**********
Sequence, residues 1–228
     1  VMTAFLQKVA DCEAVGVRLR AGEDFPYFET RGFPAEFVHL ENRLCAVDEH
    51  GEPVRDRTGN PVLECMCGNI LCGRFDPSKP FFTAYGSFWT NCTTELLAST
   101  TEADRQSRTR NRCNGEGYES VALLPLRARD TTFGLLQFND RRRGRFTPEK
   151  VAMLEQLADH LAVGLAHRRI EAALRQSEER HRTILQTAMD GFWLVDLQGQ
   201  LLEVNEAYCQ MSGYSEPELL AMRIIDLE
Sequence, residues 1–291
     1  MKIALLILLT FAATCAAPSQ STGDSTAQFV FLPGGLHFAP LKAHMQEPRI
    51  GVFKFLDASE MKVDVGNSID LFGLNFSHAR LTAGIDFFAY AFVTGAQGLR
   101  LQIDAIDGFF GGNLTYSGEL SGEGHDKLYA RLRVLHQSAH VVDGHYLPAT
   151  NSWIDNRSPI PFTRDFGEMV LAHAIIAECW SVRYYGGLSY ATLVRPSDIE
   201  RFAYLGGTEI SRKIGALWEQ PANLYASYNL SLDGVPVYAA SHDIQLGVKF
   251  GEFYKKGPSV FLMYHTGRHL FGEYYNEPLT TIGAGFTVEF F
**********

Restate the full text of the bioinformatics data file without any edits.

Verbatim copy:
Sequence, residues 1–228
     1  VMTAFLQKVA DCEAVGVRLR AGEDFPYFET RGFPAEFVHL ENRLCAVDEH
    51  GEPVRDRTGN PVLECMCGNI LCGRFDPSKP FFTAYGSFWT NCTTELLAST
   101  TEADRQSRTR NRCNGEGYES VALLPLRARD TTFGLLQFND RRRGRFTPEK
   151  VAMLEQLADH LAVGLAHRRI EAALRQSEER HRTILQTAMD GFWLVDLQGQ
   201  LLEVNEAYCQ MSGYSEPELL AMRIIDLE
Sequence, residues 1–291
     1  MKIALLILLT FAATCAAPSQ STGDSTAQFV FLPGGLHFAP LKAHMQEPRI
    51  GVFKFLDASE MKVDVGNSID LFGLNFSHAR LTAGIDFFAY AFVTGAQGLR
   101  LQIDAIDGFF GGNLTYSGEL SGEGHDKLYA RLRVLHQSAH VVDGHYLPAT
   151  NSWIDNRSPI PFTRDFGEMV LAHAIIAECW SVRYYGGLSY ATLVRPSDIE
   201  RFAYLGGTEI SRKIGALWEQ PANLYASYNL SLDGVPVYAA SHDIQLGVKF
   251  GEFYKKGPSV FLMYHTGRHL FGEYYNEPLT TIGAGFTVEF F